While many may see the Bayonne Bridge project at the Port of New York/New Jersey as a “rich get richer” proposition where the biggest port in the Northeast gets the major share of the increased traffic, others are more optimistic. The ports that are already built to handle the larger container ships will be the first to reap the benefits. But as the new ships start coming into port, the current traffic may need to find a new port to unload cargo.
“The liner services will continue to gravitate to these ‘infrastructure rich’ terminals like New York/New Jersey, Baltimore and Norfolk,” says Haroldson. “Nevertheless, there will be a ‘cascade’ effect of relatively larger ships appearing in all trade lanes. This will include the Delaware River and Wilmington.”
The resulting ripple effect from the top down has the Port of Wilmington expanding the infrastructure for its prime perishable business. The port has recently started a major berth reconstruction project, which will include extending existing gantry crane rail from four to five berths. The project also includes two new ship-to-shore cranes which will give the port four rail-mounted gantry cranes covering five berths, supplemented by a mobile harbor crane that will provide lifting capacity through six berths.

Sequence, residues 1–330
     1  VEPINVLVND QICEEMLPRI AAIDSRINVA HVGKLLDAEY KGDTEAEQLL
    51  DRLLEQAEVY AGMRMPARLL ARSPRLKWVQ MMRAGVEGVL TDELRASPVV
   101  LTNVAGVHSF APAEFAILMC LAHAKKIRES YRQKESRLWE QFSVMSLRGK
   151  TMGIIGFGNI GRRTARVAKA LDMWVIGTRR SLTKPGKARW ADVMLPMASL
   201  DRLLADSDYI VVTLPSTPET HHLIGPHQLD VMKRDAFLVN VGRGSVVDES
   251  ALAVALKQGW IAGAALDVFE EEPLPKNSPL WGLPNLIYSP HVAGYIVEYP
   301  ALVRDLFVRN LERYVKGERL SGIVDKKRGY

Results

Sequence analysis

The New York/New Jersey and Wilmington ports are not alone when it comes to infrastructure investment. The Port of Baltimore has big plans for its redevelopment at Sparrows Point Terminal (SPT), the site of a former steelmaking facility. Once done, the $48 million project hopes to make SPT a hub for port-related, energy and advanced manufacturing and distribution uses.
The Port of Philadelphia also recently announced plans to expand the Southport Marine Terminal into a 194-acre complex has progressed past the request for expressions of interest (REI) stage and into the request for qualifications (RFQ) phase in its search for a public-private sector partnership to finance the project.
The Northeast region certainly has its share of infrastructure issues to contend with. But with the expanded capacity and a plethora of post-Panamax options opening up along the entire East Coast, there’s no denying shippers throughout the global supply chain will benefit from the completion of the expanded Panama Canal.
For More Info
Burris Logistics, www.burislogistics.com
C.H. Robinson, www.chrobinson.com/en/us
NFI Industries, www.NFIindustries.com
Panama Canal Authority, www.pancanal.com
Philadelphia Regional Port Authority, www.philaport.com
The Port Authority of New York and New Jersey, www.panynj.gov
Port of Wilmington, www.portofwilmington.com
Yusen Logistics (Americas) Inc., www.us.yusen-logistics.com